Identity theft is on the rise during tax season, and the IRS has been taking serious steps to combat this threat through prevention, detection and victim assistance. The agency stopped more than $63 billion in fraudulent refunds from 2011 through October 2014, and initiated 1,063 identity theft related investigations in 2014. Here are some smart ways to better protect yourself from tax fraud and ID theft.


File Early

The best way to prevent someone from fraudulently filing a tax return in your name is to file your taxes before they try to. You should start preparing all of your documents in advance so that you can file as soon as you receive your W-2.


Subscribe to identity theft protection

If people want to break into your home, you get an alarm. If someone wants to steal your identity, then placing an alarm on your identity is a good idea. We have partnered with industry leader LegalShield to provide identity theft protection. If your identity is stolen, LegalShield will spend up to five million dollars to restore your identity.


Secure personal documents

Critical documents such as birth certificates, social security cards, and passports should be stored somewhere safe and secure. You should also photocopy the contents of your wallet and store them in case they are lost. There are options ranging from a safety deposit box at your bank to a safe in your home. Determine what is most cost effective for you and your security.


Use your computer safely

You are your worst enemy when it comes to the loss of information on the computer. Select passwords that are difficult for others to figure out. Change your password often and protect your computer with anti-spyware and anti-virus software. Keeping your internet browser and computer software up to date is also very important. The best advice in using your computer safely is to only visit sites and click on links you trust. Don’t share your personal information anywhere that might be dangerous.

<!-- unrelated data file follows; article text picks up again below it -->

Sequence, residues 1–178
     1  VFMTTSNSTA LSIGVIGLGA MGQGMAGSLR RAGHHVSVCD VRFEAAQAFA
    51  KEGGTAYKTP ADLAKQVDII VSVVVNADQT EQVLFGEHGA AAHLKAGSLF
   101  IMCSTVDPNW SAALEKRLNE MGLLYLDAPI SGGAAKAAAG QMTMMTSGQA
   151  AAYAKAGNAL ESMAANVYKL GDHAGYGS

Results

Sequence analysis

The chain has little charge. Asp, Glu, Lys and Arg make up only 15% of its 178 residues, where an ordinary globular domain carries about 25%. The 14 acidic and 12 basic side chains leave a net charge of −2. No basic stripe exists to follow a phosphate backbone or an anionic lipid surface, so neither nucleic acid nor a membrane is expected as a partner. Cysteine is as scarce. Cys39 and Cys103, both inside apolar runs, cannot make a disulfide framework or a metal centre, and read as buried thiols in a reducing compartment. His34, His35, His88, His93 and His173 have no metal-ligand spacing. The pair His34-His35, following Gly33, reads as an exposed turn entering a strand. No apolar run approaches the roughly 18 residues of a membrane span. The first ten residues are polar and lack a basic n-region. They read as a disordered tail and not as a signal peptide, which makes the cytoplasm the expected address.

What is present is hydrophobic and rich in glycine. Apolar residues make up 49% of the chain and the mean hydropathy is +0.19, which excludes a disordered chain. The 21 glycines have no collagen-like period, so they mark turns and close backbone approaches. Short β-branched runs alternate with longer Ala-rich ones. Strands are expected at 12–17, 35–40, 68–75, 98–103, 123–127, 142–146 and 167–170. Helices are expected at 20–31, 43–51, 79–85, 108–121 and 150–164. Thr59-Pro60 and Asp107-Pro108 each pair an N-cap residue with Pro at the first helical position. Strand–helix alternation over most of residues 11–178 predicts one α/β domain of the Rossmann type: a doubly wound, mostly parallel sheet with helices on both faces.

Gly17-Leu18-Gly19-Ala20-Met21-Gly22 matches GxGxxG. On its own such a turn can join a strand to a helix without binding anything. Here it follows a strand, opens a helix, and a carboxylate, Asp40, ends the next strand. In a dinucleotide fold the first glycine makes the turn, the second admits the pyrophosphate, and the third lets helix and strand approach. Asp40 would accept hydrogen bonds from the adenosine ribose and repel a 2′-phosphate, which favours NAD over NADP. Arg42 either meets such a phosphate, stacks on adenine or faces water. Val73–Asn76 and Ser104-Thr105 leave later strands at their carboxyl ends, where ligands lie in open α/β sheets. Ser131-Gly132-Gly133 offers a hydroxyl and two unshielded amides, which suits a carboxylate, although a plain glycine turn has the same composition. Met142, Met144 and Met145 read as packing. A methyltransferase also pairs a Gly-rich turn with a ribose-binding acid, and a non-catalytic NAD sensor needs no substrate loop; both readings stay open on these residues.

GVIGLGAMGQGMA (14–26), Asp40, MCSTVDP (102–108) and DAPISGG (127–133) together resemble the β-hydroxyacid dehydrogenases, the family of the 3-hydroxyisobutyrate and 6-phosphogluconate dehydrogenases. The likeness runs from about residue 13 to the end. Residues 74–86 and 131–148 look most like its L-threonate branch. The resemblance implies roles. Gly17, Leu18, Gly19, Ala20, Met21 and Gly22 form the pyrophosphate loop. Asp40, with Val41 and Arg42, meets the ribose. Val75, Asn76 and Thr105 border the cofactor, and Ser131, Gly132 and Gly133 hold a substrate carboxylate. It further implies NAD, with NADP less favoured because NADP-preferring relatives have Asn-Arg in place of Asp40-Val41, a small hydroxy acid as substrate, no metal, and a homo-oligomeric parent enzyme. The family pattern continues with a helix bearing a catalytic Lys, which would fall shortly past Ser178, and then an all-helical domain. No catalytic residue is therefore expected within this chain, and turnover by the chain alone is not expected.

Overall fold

Beware of phishers

In 2014, the amount of IRS imposter complaints were up 2,300 percent due to criminals impersonating the IRS through phone calls and emails. If you receive a call from an unfamiliar number claiming to be the IRS and demanding money, hang up and report it. Fraudulent emails may contain fake links to a site intended to look like the IRS website. Never give out any personal information and do not respond to these email or phone inquiries. 


Although these steps help you lessen the chances of becoming a victim, there is still a possibility that your identity could be compromised. If you have been a victim of ID theft or tax fraud, here are a few steps you should take.

  • Report identity theft at and learn how to respond to it at
  • Contact one of the three major credit bureaus to place a ‘fraud alert’ on your credit records:
    • Equifax,, 1-800-525-6285
    • Experian,, 1-888-397-3742
    • TransUnion,, 1-800-680-7289
  • Contact your financial institutions, and close any accounts opened without your permission or tampered with.


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